Age <40 years 3732 (50.3) 2404 (52.2) 6136 (51.0) 40–64 years 3020 (40.7) 1692 (36.7) 4612 (39.2) 65 or older 224 (3.0) 208 (4.5) 432 (3.6) Unknown/NR 451 (6.1) 303 (6.6) 754 (6.3) Gender Female 5658 (76.2) 2969 (64.5) 8627 (71.7) Male 1241 (16.7) 1288 (28.0) 2529 (21.0) Other/Unknown/NR 528 (7.1) 350 (7.6) 878 (7.3) Race/Ethnicity White 5177 (69.7) 3216 (69.8) 8393 (69.7) Black 607 (8.2) 275 (6.0) 882 (7.3) Hispanic or Latino 209 (2.8) 99 (2.2) 308 (2.6) Asian 440 (5.9) 408 (8.9) 848 (7.1) Other/Unknown/NR 994 (13.4) 609 (13.2) 1603 (13.3) Education Less than Bachelor’s Degree 1108 (14.9) 404 (8.8) 1512 (12.6) Bachelor’s or Master’s Degree 4471 (60.2) 2324 (50.4) 6795 (56.5) Postgraduate Degree 1489 (20.1) 1621 (35.2) 3110 (25.8) Unknown 359 (4.8) 258 (5.6) 617(5.1) Home Residence Urban 2729 (36.7) 1971 (42.8) 4700 (39.1) Suburban 4153 (55.9) 2297 (49.9) 6450 (53.6) Rural 184 (2.5) 79 (1.7) 263 (2.2) Unknown 361 (4.9) 260 (5.6) 621 (5.2) Hospital Position Clinical – Direct patient contact 3365 (45.3) 3115 (67.6) 6480 (53.9) Some patient interaction 723 (9.7) 350 (7.6) 1073 (8.9) Nonclinical - No patient interaction 2371 (31.9) 672 (14.6) 3043 (25.3) Other/Unknown 968 (13.0) 470 (10.2) 1438 (11.9) NR – No response to this question. Table 2 Reasons Why Employees Would Not Receive a COVID-19 Vaccine Among The Subset who Indicated They Were Unsure or Did Not Plan to be Vaccinated. Reason Hospital A (N = 2791) Hospital B (N = 1470) Combined (N = 4261) Concern about side effects 2469 (88.5%) 1326 (90.2%) 3795 (89.1%) Vaccine is too new 2363 (84.7%) 1216 (82.7%) 3579 (84.0%) Don’t know enough about the vaccine 2201 (78.9%) 1117 (76.0%) 3318 (77.9%) It may not work 967 (34.6%) 435 (29.6%) 1402 (32.9%) Concern about getting infected with COVID-19 from the vaccine 753 (27.0%) 331 (22.5%) 1084 (25.4%) I do not like vaccines 132 (4.7%) 70 (4.8%) 202 (4.7%) COVID-19 outbreak is not as serious as some people say it is 73 (2.6%) 47 (3.2%) 120 (2.8%) I do not like needles 56 (2.0%) 22 (1.5%) 78 (1.8%) I won’t have time to get vaccinated 10 (0.4%) 10 (0.7%) 20 (0.5%) None of the above 16 (0.6%) 7 (0.5%) 23 (0.5%) Other (specify)1 247 (8.8%) 128 (8.7%) 375 (8.8%) Reasons listed were prespecified in the survey. Employees could select more than one reason why they would not receive a COVID-19 vaccine. 1 Other includes pregnant, want to get pregnant, breastfeeding, concern about fertility, concern about long term complications, duration of protection unknown, distrust government and pharma, want more data, underlying medical condition (autoimmune disorder, cancer, allergies, diabetes), vaccine development rushed, concern about fetal cell use, don’t trust the vaccine, too much conflicting information, no other mRNA vaccine on the market, religious reasons, need to see more data, too much political involvement. B.J. Kuter, S. Browne, F.M. Momplaisir et al. Vaccine 39 (2021) 1693–1700 after vaccination that resulted in loss of 2 days at work, while 33.2% of employees said they were unsure if they would take a vac- cine with this exact safety profile. Intention to be vaccinated increased with increasing vaccine effectiveness (35.8% willing to receive a vaccine with 50% effectiveness, 61.1% willing to receive a vaccine with 70% effectiveness, and 85.6% willing to receive a vaccine with 90% effectiveness). The number of prior persons vac- cinated was an important characteristic of a COVID-19 vaccine for 32.3% of employees. 3.5. Reasons to be vaccinated/reasons not to be vaccinated The reasons employees most frequently selected for receiving a COVID-19 vaccine included protection of one’s family (86.7%) and protecting themselves (82.9%). Other reasons for receiving a COVID-19 vaccine included protecting one’s community (68.8%), getting life ‘‘back to normal” (59.4%), and a belief that vaccination was the best measure to prevent becoming seriously ill from COVID-19 (58.3%). A desire to travel again was noted by 38.5% of employees. 1695 Table 2 presents the reasons employees selected for not taking a COVID-19 vaccine among those who indicated they were either not planning or unsure about taking the vaccine. The reasons most frequently selected for not wanting to be vaccinated included concern about side effects (89.1%), the vaccine being too new (84.0%), and not knowing enough about the vaccine (77.9%). Other reasons included concerns about the vaccine not working (32.9%) and getting infected with COVID-19 from the vaccine (25.4%). 3.6. Timing of vaccination Among the 7158 persons who said they planned to be vacci- nated and answered the question about timing of vaccination, 5661 (79.1%) said they would receive the vaccine as soon as it was recommended and made available to them, 1367 (19.1%) said they would take the vaccine after it had been administered to others for 3–6 months, and 130 (1.8%) said they would take the vaccine after it had been administered to others for 12 months. Table 3 Characteristics of Hospital Employees Planning to Receive a COVID-19 Vaccine (Hospitals A & B Combined)1. Category Variable Parameter Total Respondents2 N (%) Planning To Receive A COVID-19 Vaccine3 p-value Demographics Age <40 years 6131 3835 (62.6) <0.0001 40–64 years 4708 3073 (65.3) 65 or older 432 376 (87.0) Gender Male 2525 2064 (81.7) <0.0001 Female 8622 5181 (60.1) Other/Prefer Not to Answer 253 73 (28.9) Race/Ethnicity White 8388 5833 (69.5) <0.0001 Black 882 262 (29.7) Hispanic or Latino 307 167 (54.4) Asian 845 626 (74.1) Multiple/Other 449 264 (58.8) Education Less than Bachelor’s Degree 1511 618 (40.9) <0.0001 Bachelor’s or Master’s Degree 6792 4120 (60.7) Postgraduate Degree 3105 2583 (83.2) Area of Residence Urban 4696 3163 (67.4) <0.0001 Suburban 6445 4037 (62.6) Rural 263 121 (46.0) Work Location Hospital A 7271 4480 (61.6) <0.0001 Hospital B 4489 3019 (67.3) Years Employed at Hospital <1 year 984 670 (68.1) 0.0041 1–4 years 3682 2304 (62.6) 5 or more years 6733 4343 (64.5) Health of Individual Self-reported health status Excellent 3378 2442 (72.3) <0.0001 Good or Very Good 7753 4729 (61.0) Fair or Poor 393 208 (52.9) Vaccination History Employee Up-to-date on most or all vaccines 11,193 7220 (64.5) <0.0001 Up-to-date on some vaccines 180 99 (55.0) Unsure if up-to-date 89 38 (42.7) Not up-to-date 62 22 (35.5) Employee’s Children4 Up-to-date on most or all vaccines 6099 3883 (63.7) <0.0001 Up-to-date on some vaccines 110 63 (57.3) Unsure if up-to-date 108 65 (60.2) Not up-to-date 50 13 (26.0) Level of Patient Care Position in the Hospital Clinical - direct patient contact5 6473 4270 (66.0) <0.00018 Some patient interaction6 1073 536 (50.0) Nonclinical - no patient interaction7 3041 1995 (65.6) COVID Exposures & Testing Area of Employment in the Hospital High Exposure to COVID- 19 3042 2019 (66.4) 0.2642 Moderate Exposure to COVID-19 4883 3156 (64.6) Low Exposure to COVID- 19 2594 1705 (65.7) Confirmed COVID-19 exposures at work, home, elsewhere9 0 4142 2687 (64.9) 0.7962 1–4 3047 1954 (64.1) �5 2528 1627 (64.4) Previous COVID-19 test Yes 4290 2975 (69.4) <0.0001 No 7056 4317 (61.2) Unsure 234 113 (48.3) p value indicates significant difference among the parameters for each variable and were derived from tests of multiple proportions. 1 Excludes individuals who participated in a COVID-19 vaccine clinical trial. 2 Excludes individuals who did not respond to whether they plan to receive a COVID-19 vaccine. 3 Answered yes to survey question asking whether they planned to receive a COVID-19 vaccine. 4 Limited to those with children in the household. 5 Includes nursing staff, EMT, medical assistant, paramedic, phlebotomist, NP/MD/DO/PA, respiratory therapist, PT/OT/speech therapist. 6 Includes dietician/nutritionist, environmental services, security, radiology technician, visiting nurse, child life services, patient service representative, social worker, unit clerk, clergy. 7 Includes administrative, management staff, clinical laboratory personnel, IT support, maintenance, dietary staff, pharmacist, research personnel, volunteer. 8 p = 0.7452 when comparing those with direct patient contact to those with no patient interaction. 9 Excludes persons who were unsure of their number of exposures. The rate of persons planning to be vaccinated in this category was 61.0% (1137/1864). B.J. Kuter, S. Browne, F.M. Momplaisir et al. Vaccine 39 (2021) 1693–1700 1696 Table 4 Multiple Logistic Regression for Intention to Receive a COVID-19 Vaccine (Yes vs. No/Unsure) Across Those Variables Showing Differences in Univariate Analysis (Table 3). Category Variable Parameter OR (95% CI) P-Value Demographics Age Group (years) <40 Reference <0.0001 40–64 1.40 (1.26, 1.56) �65 3.50 (2.50, 4.90) Gender Female Reference <0.0001 Male 2.41 (2.12, 2.75) Other/Prefer Not To Answer 0.73 (0.42, 1.27) Race/Ethnicity White Reference <0.0001 Black 0.23 (0.19, 0.27) Hispanic or Latino 0.51 (0.39, 0.67) Asian 0.87 (0.73, 1.04) Multiple/Other 0.58 (0.47, 0.73) Education (Less than Bachelor’s Degree) Less than Bachelor’s Degree Reference <0.0001 Bachelor’s or Master’s Degree 1.84 (1.59, 2.13) Postgraduate Degree 4.59 (3.83, 5.50) Area of Residence Urban Reference <0.0001 Suburban 0.71 (0.65, 0.79) Rural 0.41 (0.30, 0.54) Hospital Hospital A Reference 0.7282 Hospital B 0.98 (0.89, 1.08) Years Employed at Hospital <1 Year Reference 0.2674 1 – 4 Years 0.87 (0.73, 1.03) �5 Years 0.89 (0.74, 1.06) Health of Individual Self-Reported Health Status Excellent Reference 0.0003 Good – Very Good 0.81 (0.73, 0.90) Poor - Fair 0.73 (0.56, 0.95) Vaccination History Employee Up-to date on most or all vaccines Reference 0.0023 Up-to-date on some vaccines 0.78 (0.54, 1.13) Not up-to-date 0.36 (0.18, 0.71) Unsure 0.56 (0.32, 0.96) Level of Patient Care Position in the Hospital Clinical – Direct Contact Reference <0.0001 Some Patient Interaction 1.12 (0.96, 1.31) Non-Clinical – No Patient Interaction 1.44 (1.29, 1.61) COVID-19 Testing Prior COVID-19 Test Yes Reference <0.0001 No 0.78 (0.71, 0.86) Unsure 0.69 (0.50, 0.95) The regression analysis was performed on 10,067 individuals who answered the question about their intention to be vaccinated as well as all included variables. Due to the limited number of responses, the category ‘‘Prefer Not to Answer” was excluded from both the race/ethnicity and age variables and the category ‘‘Other” was excluded from the level of patient care variable. Parameters with a significant odds ratio compared to the reference are in bold. B.J. Kuter, S. Browne, F.M. Momplaisir et al. Vaccine 39 (2021) 1693–1700 3.7. Intention to be vaccinated based on employee characteristics The difference in the intention of employees to be vaccinated was assessed based on their demographics, hospital of employ- ment, self-reported health status, vaccination history (their own and their children’s), level of patient care, level of exposure to COVID-19, and history of COVID-19 testing. A summary of the results and their corresponding statistical significance is shown in Table 3. 3.7.1. Demographic characteristics There was a significant difference in intention to be vaccinated by hospital of employment (61.6% at hospital A and 67.3% at hos- pital B) and gender (81.7% of males and 60.1% of females). A higher proportion of older compared with younger employees reported they planned to be vaccinated (87.0% for persons �65 year of age versus 65.3% in 40–64 year olds and 62.6% in those <40 years of age). Those employed <1 year at the hospital were more likely planning to be vaccinated than those employed 5 or more years (68.1% and 64.5%, respectively). A higher proportion of persons with a postgraduate degree were planning on being vaccinated than persons with a bachelor’s or master’s degree or those with less than a bachelor’s degree (83.2%, 60.7%, and 40.9%, respec- tively). Persons reporting that they lived in urban or suburban areas indicated they were more likely to be vaccinated than those living in rural areas (64.6% vs 46.0%). 1697 Significant differences in vaccine acceptance also were noted by race/ethnicity. The reported intention to receive a COVID-19 vac- cine was 74.1% in Asians, 69.5% in Whites, 54.4% in Hispanics, 29.7% in Blacks, and 58.8% in multiple/other races. 3.7.2. Personal health status/vaccination history Those who planned to be vaccinated were more likely to report being in excellent health. The intention to be vaccinated was 72.3% among employees who said their health was excellent versus 52.9% among those who said their health was poor or fair. History of vaccination among the employees and their children was assessed. Employees who reported that they were up-to-date on most or all routinely recommended vaccines for their age were more likely planning to be vaccinated compared with those employees who reported that they were up-to-date on some or no vaccines (64.5%, 55.0%, and 35.5%, respectively). Employees who intended to be vaccinated were also more likely to report hav- ing children who were up-to-date on most or all routinely recom- mended vaccines for their age compared to those who reported their children were up-to-date on some or no vaccines (63.7%, 57.3%, and 26.0%, respectively). 3.7.3. Exposure to COVID-19 Level of exposure to COVID-19 was assessed using three proxy measures – role in the hospital, area of employment within the hospital, and number of confirmed COVID-19 exposures at work, B.J. Kuter, S. Browne, F.M. Momplaisir et al. Vaccine 39 (2021) 1693–1700 home, and/or elsewhere. First, clinical roles involving direct patient care (including, but not limited to physicians, nurses, paramedics, phlebotomists, and emergency medical technicians) were com- pared to those with some patient interaction (such as dieticians, social workers, and environmental services) and nonclinical roles with no direct patient interaction (such as pharmacists, research staff, or administrative staff). Vaccine acceptance was similar for those in hospital roles with direct patient interaction and those in nonclinical roles with no patient interaction (66.0% and 65.6%, respectively), but declined significantly for those with some patient interactions (50.0%). Second, the area of employment within the hospital was assessed with those having a high level of exposure to COVID-19 (including persons working in a COVID- 19 unit, emergency room [ER], or intensive care unit [ICU]) com- pared with persons with a moderate or low level of exposure to COVID-19 in their daily work. The level of exposure to COVID-19 based on area of employment in the hospital played no role in intention to be vaccinated (66.4% of those with high level of expo- sure, 64.6% with moderate exposure, and 65.7% with low expo- sure). Third, there were no differences in the proportion of respondents intending to be vaccinated by number of reported exposures to persons with COVID-19 at work, home, or elsewhere (64.4% for those who reported �5 exposures, 64.1% for those reporting 1–4 exposures, and 64.9% for those who reported no exposures). A lower proportion (61.0%) of those who were unsure of their exposures planned to be vaccinated. Employees were also asked if they had ever been tested to see if they had an ongoing COVID-19 infection. Those who had been tested for COVID-19 were more likely planning on being vacci- nated compared to those who had never been tested (69.4% vs 61.2%, respectively). 3.8. Multiple logistic regression analysis - intention to be vaccinated Table 4 presents the results of the multiple logistic regression analysis that includes the 11 variables that were found to be signif- icantly associated with employee intention to be vaccinated in uni- variate analysis (as shown in Table 3). Several demographic characteristics (race/ethnicity, gender, age, education, and area of residence) as well as self-health assessment, vaccination history, level of patient care, and prior COVID-19 testing remained inde- pendently associated with an employee’s intention to be vacci- nated when controlling for all other variables. The likelihood of intending to be vaccinated was lower among Blacks (OR: 0.23, 95% CI 0.19, 0.27), Hispanics (OR: 0.51, 95% CI 0.39, 0.67), and those reporting multiple/other races (OR: 0.58, 95% CI 0.47, 0.73) com- pared to Whites. The likelihood of intending to be vaccinated was twice as high among males compared to females (OR: 2.41, 95% CI 2.12, 2.75). Adults � 65 years of age were 3.5 times more likely planning to be vaccinated compared with those <40 years of age (OR: 3.50, 95% CI 2.50, 4.90). Employees with a postgraduate degree were > 4 times more likely planning to be vaccinated than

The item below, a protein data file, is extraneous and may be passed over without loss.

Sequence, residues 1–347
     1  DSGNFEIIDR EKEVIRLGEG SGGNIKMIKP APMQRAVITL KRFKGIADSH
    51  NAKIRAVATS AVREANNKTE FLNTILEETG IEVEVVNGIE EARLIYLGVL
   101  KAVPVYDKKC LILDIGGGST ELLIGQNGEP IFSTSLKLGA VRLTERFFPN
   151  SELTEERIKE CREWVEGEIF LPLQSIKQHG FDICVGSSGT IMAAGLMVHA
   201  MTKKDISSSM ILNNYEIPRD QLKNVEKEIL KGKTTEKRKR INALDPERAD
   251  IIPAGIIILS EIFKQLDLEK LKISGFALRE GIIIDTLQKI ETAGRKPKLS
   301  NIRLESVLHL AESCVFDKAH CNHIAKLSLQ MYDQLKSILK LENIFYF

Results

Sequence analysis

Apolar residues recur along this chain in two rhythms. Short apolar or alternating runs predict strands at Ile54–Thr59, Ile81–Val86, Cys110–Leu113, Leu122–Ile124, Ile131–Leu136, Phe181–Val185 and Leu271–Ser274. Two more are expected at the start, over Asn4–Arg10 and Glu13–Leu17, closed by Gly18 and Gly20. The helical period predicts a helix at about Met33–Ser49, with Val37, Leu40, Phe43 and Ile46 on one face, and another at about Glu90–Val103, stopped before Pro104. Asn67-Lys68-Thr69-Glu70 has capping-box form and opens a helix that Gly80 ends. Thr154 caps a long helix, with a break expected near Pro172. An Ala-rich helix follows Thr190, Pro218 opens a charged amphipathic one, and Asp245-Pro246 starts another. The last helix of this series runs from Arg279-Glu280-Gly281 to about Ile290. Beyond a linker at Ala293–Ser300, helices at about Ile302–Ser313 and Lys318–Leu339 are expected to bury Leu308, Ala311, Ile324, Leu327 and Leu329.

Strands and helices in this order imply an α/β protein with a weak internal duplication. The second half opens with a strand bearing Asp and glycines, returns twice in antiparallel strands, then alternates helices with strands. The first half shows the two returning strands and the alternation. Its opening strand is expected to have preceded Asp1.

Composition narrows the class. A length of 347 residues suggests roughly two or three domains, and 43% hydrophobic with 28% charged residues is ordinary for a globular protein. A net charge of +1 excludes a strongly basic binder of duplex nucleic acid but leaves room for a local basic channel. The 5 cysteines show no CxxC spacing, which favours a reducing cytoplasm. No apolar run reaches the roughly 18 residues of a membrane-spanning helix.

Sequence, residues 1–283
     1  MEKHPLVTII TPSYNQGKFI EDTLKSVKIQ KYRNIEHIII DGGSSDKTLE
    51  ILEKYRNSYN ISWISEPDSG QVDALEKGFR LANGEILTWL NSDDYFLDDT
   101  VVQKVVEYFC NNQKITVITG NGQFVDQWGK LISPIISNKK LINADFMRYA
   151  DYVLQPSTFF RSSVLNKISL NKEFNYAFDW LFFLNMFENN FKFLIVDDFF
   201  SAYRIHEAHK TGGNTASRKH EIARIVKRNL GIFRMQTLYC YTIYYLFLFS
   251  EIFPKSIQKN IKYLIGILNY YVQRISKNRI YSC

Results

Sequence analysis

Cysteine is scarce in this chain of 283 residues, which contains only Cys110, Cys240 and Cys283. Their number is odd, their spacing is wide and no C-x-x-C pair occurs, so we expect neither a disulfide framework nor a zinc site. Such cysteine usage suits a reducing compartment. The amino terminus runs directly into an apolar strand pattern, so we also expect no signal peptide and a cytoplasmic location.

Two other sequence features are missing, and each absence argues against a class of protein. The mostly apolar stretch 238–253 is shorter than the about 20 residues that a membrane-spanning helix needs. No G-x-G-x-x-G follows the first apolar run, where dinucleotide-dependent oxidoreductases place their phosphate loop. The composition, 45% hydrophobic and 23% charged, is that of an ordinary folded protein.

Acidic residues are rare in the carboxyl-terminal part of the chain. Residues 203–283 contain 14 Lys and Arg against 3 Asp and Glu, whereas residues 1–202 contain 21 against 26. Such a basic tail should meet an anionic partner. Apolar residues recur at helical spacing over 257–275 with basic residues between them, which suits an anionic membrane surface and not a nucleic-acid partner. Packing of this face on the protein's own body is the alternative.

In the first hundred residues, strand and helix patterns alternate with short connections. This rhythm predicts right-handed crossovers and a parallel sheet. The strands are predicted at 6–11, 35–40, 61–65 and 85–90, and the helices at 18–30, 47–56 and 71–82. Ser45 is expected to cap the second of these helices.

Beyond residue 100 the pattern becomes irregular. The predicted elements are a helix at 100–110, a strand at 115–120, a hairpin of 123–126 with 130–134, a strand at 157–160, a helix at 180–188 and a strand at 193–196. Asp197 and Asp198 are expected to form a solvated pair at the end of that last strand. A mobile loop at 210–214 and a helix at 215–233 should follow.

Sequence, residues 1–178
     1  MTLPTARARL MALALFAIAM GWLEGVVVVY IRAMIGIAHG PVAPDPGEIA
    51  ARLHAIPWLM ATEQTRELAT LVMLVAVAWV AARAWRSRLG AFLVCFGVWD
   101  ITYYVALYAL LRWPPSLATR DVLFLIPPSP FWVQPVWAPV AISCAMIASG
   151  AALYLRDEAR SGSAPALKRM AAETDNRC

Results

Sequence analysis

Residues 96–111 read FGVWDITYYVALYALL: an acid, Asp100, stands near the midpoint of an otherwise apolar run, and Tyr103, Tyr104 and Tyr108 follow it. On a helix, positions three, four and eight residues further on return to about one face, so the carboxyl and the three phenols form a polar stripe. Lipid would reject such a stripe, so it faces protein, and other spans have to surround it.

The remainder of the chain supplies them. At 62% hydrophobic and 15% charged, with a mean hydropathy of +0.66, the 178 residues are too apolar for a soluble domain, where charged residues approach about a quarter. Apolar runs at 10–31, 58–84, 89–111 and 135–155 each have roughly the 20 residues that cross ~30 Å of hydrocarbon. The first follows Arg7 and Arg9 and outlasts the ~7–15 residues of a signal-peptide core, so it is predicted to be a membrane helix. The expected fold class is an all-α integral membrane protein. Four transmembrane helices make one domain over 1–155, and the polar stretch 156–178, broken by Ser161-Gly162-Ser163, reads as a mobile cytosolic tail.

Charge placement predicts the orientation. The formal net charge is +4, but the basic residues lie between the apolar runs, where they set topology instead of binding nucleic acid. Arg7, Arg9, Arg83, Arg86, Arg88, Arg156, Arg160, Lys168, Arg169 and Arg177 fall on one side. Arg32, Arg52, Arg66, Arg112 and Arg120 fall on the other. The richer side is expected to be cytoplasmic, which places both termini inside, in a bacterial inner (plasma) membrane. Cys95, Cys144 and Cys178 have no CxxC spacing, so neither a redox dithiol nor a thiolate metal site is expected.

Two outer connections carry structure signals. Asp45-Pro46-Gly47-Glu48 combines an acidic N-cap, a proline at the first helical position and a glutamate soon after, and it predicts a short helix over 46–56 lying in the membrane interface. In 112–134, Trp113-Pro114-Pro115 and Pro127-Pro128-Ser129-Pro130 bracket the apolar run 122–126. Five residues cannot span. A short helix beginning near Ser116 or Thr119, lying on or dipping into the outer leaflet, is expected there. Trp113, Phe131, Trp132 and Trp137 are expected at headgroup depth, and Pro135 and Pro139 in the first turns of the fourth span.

persons with less than a bachelor’s degree (OR: 4.59, 95% CI 3.83,